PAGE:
Weekend Argus (Saturday Edition) - - GOODFARE -

scheme of­fer­ing life and lump-sum dis­abil­ity ben­e­fits.


The changes to the In­come Tax Act that will be in­tro­duced next year are de­signed to en­sure that if you con­trib­ute to an as­sur­ance pol­icy us­ing af­ter-tax in­come and with­out a tax de­duc­tion, the pro­ceeds of the pol­icy paid to you or your de­pen­dants will be tax-free.

How­ever, if your pre­mi­ums were funded with be­fore- tax con­tri­bu­tions or with a tax de­duc­tion, the pol­icy pro­ceeds will be tax­able.

This means that where your con­tri­bu­tions to an in­come pro­tec­tion pol­icy are tax de­ductible, the pro­ceeds – the monthly in­come you re­ceive if you are dis­abled – will be tax­able.

If your em­ployer pays con­tri­bu­tions to an un­ap­proved group life scheme as a ben­e­fit for you, it was un­clear af­ter last year’s changes whether or not the pro­ceeds of the group life pol­icy – when and if they were paid to you – would be tax-free.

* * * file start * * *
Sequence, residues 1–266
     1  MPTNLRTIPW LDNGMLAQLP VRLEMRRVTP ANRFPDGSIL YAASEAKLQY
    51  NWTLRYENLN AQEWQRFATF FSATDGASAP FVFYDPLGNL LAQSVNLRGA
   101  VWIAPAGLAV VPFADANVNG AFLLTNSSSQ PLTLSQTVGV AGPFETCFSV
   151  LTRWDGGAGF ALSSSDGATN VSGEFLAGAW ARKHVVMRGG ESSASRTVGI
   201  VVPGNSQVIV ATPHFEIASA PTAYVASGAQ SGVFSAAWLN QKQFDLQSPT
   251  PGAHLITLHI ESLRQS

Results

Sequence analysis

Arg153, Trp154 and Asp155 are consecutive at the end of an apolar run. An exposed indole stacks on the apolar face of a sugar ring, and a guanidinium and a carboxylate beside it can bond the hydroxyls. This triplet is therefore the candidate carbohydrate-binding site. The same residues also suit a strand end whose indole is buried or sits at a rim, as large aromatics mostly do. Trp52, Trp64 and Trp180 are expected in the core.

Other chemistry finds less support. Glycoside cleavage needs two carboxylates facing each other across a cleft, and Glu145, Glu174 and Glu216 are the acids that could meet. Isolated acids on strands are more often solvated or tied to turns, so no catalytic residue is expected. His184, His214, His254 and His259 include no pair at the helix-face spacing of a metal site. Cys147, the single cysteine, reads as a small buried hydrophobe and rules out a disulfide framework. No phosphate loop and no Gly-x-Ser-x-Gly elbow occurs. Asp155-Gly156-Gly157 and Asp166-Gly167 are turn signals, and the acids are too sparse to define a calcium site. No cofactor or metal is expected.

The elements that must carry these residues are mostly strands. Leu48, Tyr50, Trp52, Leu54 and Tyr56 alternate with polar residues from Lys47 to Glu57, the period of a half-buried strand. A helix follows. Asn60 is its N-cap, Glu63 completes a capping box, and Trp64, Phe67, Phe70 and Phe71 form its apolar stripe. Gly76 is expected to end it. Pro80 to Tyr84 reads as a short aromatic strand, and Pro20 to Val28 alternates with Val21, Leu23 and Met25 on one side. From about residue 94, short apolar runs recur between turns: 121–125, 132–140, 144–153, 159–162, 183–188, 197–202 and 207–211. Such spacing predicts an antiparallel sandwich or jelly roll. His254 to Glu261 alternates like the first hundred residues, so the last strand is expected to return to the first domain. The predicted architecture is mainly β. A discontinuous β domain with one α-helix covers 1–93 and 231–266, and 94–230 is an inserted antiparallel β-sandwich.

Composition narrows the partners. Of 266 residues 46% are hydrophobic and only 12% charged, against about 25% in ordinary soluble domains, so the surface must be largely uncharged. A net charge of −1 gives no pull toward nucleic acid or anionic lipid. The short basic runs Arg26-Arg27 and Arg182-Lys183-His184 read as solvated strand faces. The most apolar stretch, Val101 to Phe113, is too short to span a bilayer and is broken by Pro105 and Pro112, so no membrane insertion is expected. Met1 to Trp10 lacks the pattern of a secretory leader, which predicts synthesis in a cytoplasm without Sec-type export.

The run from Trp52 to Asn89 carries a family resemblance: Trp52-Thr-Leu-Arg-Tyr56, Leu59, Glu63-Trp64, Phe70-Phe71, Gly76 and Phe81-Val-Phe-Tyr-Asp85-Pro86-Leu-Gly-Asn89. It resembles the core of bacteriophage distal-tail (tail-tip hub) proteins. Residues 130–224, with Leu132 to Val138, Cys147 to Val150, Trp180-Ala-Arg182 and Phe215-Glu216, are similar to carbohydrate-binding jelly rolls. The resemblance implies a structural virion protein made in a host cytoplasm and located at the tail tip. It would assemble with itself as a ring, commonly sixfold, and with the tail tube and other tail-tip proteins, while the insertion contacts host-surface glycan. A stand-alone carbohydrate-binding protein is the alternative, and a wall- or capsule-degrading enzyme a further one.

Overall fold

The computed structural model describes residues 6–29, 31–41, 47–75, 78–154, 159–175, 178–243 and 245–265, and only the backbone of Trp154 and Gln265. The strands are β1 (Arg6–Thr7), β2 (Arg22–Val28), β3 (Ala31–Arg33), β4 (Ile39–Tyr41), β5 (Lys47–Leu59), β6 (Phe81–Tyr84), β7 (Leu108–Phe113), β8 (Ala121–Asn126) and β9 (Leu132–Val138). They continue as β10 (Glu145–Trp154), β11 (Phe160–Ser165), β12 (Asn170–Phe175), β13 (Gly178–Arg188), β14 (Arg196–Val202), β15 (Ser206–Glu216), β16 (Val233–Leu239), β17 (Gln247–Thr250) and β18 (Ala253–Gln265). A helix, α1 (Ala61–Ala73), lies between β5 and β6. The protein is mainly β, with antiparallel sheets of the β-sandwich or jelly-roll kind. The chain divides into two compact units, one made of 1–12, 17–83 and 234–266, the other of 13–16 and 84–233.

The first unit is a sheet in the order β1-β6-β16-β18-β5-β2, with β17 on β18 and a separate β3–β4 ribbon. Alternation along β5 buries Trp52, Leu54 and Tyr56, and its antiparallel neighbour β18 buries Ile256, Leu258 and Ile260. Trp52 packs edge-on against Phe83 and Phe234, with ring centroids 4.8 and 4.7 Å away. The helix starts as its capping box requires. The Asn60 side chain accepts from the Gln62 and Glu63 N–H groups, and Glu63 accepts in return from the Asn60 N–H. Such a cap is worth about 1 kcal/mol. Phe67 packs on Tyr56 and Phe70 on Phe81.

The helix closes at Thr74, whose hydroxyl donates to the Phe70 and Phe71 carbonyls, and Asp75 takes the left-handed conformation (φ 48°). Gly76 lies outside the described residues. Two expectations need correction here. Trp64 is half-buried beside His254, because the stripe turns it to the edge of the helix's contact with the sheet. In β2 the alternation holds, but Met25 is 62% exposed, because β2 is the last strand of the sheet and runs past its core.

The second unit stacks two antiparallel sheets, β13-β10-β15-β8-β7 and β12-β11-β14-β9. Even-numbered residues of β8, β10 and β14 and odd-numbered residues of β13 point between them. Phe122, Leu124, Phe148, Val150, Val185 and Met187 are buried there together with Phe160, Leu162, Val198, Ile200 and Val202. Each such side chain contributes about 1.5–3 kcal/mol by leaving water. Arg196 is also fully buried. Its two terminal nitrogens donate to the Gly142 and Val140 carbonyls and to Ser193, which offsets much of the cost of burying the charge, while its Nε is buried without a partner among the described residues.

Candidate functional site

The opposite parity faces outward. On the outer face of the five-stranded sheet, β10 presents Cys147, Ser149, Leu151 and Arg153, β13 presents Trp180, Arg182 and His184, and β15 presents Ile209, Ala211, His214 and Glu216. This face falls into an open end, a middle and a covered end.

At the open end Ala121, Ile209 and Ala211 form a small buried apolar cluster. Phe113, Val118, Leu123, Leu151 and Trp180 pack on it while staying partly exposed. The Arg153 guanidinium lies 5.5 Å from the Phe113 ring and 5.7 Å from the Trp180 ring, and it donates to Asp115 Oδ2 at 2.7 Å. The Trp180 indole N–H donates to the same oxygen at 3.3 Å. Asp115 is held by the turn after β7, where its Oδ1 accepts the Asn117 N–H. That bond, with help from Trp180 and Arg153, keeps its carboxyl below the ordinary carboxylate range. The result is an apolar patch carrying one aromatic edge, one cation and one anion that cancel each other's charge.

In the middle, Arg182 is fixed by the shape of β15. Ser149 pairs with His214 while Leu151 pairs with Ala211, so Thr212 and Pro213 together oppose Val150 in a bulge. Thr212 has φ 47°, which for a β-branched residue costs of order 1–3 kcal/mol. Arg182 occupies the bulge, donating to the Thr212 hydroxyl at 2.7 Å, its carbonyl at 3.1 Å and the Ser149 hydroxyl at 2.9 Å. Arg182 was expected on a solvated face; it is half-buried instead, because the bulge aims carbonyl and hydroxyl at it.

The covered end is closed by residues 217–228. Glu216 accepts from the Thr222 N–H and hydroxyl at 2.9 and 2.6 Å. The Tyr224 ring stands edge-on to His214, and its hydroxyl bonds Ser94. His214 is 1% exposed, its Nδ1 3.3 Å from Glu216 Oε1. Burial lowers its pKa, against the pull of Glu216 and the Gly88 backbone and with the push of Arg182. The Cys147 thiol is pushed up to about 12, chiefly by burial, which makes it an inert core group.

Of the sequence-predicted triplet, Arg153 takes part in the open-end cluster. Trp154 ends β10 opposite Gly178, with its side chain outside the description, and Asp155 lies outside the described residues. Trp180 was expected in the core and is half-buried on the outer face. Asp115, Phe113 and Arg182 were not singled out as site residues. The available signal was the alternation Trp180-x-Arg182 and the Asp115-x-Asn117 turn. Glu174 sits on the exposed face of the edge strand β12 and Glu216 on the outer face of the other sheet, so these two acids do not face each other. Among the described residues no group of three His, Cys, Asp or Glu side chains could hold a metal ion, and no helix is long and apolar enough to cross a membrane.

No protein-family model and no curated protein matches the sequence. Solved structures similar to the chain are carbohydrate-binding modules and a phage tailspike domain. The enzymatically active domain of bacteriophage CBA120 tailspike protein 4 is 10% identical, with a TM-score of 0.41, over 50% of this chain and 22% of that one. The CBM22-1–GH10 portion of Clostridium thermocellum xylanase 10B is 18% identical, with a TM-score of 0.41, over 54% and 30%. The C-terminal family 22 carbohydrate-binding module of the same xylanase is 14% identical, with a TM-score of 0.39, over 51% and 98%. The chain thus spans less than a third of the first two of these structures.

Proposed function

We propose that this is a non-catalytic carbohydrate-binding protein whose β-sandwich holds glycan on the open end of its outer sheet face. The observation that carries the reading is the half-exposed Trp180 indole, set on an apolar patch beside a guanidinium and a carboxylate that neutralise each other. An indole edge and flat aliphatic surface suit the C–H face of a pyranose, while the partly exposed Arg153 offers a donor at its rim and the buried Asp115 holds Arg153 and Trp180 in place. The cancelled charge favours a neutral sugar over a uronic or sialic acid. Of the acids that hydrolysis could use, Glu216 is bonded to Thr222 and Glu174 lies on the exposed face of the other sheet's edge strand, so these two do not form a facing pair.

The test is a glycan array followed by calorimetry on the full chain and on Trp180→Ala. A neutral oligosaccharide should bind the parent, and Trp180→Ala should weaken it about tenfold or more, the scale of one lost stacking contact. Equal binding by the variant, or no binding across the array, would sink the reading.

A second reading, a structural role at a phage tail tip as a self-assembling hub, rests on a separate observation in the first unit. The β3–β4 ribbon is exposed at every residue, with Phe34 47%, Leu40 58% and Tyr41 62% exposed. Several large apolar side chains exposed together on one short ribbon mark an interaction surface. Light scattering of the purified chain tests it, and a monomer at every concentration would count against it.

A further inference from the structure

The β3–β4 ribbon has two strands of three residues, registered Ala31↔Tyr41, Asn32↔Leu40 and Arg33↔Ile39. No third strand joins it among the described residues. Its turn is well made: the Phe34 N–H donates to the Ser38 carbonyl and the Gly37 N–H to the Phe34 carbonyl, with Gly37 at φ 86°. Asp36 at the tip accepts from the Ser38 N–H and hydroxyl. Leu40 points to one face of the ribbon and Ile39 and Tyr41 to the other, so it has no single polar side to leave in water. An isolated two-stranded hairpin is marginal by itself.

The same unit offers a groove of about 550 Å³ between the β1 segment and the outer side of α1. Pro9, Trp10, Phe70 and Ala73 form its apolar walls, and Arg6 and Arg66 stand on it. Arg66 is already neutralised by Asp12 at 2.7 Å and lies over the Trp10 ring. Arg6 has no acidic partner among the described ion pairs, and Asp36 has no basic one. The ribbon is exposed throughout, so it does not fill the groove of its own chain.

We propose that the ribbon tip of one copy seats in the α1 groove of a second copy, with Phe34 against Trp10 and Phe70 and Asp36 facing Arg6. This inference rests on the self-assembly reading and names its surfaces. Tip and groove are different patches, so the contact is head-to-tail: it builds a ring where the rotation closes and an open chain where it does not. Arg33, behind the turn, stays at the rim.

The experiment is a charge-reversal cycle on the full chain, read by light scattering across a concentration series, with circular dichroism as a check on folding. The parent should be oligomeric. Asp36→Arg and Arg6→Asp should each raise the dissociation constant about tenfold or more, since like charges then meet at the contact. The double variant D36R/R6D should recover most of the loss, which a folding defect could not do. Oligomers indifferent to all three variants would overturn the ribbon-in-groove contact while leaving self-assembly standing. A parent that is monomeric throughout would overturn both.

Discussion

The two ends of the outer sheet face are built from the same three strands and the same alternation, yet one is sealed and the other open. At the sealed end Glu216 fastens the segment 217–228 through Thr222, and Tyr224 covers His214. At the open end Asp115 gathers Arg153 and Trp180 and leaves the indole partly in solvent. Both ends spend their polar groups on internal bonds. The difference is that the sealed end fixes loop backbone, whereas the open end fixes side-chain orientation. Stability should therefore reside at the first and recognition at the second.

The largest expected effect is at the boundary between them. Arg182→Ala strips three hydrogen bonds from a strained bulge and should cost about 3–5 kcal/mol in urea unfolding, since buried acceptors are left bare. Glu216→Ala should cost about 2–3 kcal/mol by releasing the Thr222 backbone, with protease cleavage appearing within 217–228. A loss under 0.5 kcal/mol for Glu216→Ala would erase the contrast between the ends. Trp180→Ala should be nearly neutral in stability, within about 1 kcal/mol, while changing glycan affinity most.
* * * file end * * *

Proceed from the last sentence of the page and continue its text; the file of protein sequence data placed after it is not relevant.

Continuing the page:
The changes to the In­come Tax Act that take ef­fect on March 1 make it clear that if your em­ployer pays the pol­icy pre­mi­ums and you pay fringe ben­e­fits tax on these pre­mi­ums, the pro­ceeds will be tax-free.

Daf­fue says where the pro­ceeds of a pol­icy are paid out first to an em­ployer and then to the em­ployee’s ben­e­fi­cia­ries or de­ceased es­tate be­fore March 1 next year, the pro­ceeds will in all like­li­hood be taxed in the hands of the de­ceased’s es­tate.

How­ever, he says, if the pol­icy pro­vided for a pay­ment di­rectly to a de­ceased em­ployee’s es­tate or ben­e­fi­cia­ries, the pro­ceeds would be tax-free.

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